July 17, 2019

Healthcare Facilities Preparedness 
Many universities are integrated with robust healthcare facilities on campus. Some examples include the University of Alabama Hospital at Birmingham, University Medical Center at Princeton, University of Pittsburgh Medical Center, and the University of Vermont Medical Center. These medical centers serve the needs of patients and their families 24 hours a day, seven days a week and need to maintain a continuity of care and operations no matter the circumstances. Because of this "duty-to-care" commitment, hospitals and healthcare facilities face unique challenges when planning and responding to critical incidents.
A survey of more than 300 respondents conducted by Rave Mobile Safety found a significant difference in what healthcare facilities believe are their top safety concerns and the reality of what actual incidents are most likely to occur. Survey participants noted that their top incident concerns are:
  • Severe weather (36 percent)
  • Active shooters (34 percent)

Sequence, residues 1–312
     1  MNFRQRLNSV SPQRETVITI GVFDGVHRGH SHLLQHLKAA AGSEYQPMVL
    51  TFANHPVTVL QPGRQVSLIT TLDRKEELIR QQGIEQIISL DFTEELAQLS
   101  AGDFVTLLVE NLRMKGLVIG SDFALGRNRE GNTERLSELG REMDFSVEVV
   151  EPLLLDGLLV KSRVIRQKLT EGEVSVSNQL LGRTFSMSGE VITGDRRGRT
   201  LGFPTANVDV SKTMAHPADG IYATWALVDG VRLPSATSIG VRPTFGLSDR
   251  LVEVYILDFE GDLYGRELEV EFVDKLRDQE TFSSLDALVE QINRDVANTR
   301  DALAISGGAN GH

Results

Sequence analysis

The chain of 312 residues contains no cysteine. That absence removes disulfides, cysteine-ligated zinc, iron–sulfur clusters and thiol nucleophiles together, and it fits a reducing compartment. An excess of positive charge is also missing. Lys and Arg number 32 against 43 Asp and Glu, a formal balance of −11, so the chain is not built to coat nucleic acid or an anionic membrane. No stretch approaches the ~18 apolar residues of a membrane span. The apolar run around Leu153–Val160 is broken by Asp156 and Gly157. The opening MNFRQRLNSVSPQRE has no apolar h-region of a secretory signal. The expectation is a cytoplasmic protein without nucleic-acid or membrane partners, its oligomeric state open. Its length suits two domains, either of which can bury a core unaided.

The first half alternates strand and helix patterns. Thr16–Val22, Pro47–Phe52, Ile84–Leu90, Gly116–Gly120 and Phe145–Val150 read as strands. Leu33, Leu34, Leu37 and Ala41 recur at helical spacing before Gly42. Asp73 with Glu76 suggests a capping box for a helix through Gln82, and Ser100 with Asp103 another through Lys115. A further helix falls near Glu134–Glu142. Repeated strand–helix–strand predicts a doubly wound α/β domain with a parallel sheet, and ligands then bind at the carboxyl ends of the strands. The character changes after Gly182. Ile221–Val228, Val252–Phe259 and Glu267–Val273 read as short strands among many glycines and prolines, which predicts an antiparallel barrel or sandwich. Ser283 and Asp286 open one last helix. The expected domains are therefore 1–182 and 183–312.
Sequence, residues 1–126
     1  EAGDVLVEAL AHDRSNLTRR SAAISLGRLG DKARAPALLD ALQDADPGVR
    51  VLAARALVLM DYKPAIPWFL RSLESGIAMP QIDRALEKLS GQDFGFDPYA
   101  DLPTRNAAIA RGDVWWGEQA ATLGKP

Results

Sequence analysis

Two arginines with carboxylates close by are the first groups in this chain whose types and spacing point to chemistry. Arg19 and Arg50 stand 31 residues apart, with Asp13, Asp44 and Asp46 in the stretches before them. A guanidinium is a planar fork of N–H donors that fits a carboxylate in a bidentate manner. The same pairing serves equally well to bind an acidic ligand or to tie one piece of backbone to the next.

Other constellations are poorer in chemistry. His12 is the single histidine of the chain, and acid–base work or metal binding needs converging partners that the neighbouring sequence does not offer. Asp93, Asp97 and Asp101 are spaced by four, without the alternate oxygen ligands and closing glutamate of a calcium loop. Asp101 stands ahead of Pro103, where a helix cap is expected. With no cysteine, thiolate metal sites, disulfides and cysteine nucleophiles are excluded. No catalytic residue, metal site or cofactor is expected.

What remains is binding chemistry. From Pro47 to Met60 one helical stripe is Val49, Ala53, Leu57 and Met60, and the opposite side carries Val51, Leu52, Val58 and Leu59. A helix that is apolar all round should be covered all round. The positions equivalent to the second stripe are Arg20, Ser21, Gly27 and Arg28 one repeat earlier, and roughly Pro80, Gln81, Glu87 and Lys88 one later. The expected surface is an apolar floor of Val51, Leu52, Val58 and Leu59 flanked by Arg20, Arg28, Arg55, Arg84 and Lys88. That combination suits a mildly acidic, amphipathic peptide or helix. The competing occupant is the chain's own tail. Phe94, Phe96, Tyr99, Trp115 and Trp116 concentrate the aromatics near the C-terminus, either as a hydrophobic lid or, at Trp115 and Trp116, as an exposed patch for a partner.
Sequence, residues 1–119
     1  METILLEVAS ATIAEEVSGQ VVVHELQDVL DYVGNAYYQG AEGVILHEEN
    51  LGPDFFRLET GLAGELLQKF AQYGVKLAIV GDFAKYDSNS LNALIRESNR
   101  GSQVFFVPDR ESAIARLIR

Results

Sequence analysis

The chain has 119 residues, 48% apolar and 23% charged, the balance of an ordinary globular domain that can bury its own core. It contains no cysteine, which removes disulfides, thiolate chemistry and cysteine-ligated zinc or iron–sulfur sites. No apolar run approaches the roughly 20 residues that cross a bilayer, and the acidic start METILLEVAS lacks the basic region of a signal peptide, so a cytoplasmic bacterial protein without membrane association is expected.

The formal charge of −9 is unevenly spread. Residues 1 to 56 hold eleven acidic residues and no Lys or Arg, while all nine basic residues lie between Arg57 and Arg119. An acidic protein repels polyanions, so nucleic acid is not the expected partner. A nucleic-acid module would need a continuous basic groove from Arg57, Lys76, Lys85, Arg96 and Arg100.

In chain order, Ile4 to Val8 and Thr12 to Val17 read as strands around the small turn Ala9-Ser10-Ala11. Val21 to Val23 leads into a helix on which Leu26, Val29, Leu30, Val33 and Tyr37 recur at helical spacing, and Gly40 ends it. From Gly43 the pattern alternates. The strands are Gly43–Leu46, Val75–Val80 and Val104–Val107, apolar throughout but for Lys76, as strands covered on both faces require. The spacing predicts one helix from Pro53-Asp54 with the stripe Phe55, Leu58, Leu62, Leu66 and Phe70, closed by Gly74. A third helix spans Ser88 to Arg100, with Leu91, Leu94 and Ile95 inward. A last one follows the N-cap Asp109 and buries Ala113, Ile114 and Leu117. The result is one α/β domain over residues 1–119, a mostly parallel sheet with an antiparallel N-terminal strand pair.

• Cyberattacks (32 percent)
The most common actual incidents are:
  • System outages (54 percent): 32 percent who experienced outages said their facility had never run a drill.
  • Weather events (52 percent): approximately half of respondents noted they had experienced a dangerous weather-related event within the past two years and 51 percent reported that their facility had gone more than one year without testing their weather-related emergency operating plans.
  • Workplace violence (27 percent)
However, 60 percent of respondents stated that fire drills are conducted every quarter despite only 18 percent reporting a fire having occurred within the past two years. Although fire drills still remain an important cornerstone of safety, this discrepancy between actual incidents occurring and those prepared for is a growing concern.
The U.S. Department of Homeland Security (DHS) has confirmed that between 2000-2017, hundreds of hospital-related shootings took place, yet 33 percent of survey respondents had never run workplace violence drills. Further, 25 percent who had experienced workplace violence had no method to report tips anonymously to their employer. DHS developed Hospital and Healthcare Facilities: Security Awareness for Soft Targets and Crowded Places(PDF), an action guide to help medical facilities identify potential warning signs of violence and proactive steps to prepare in case of an active shooter.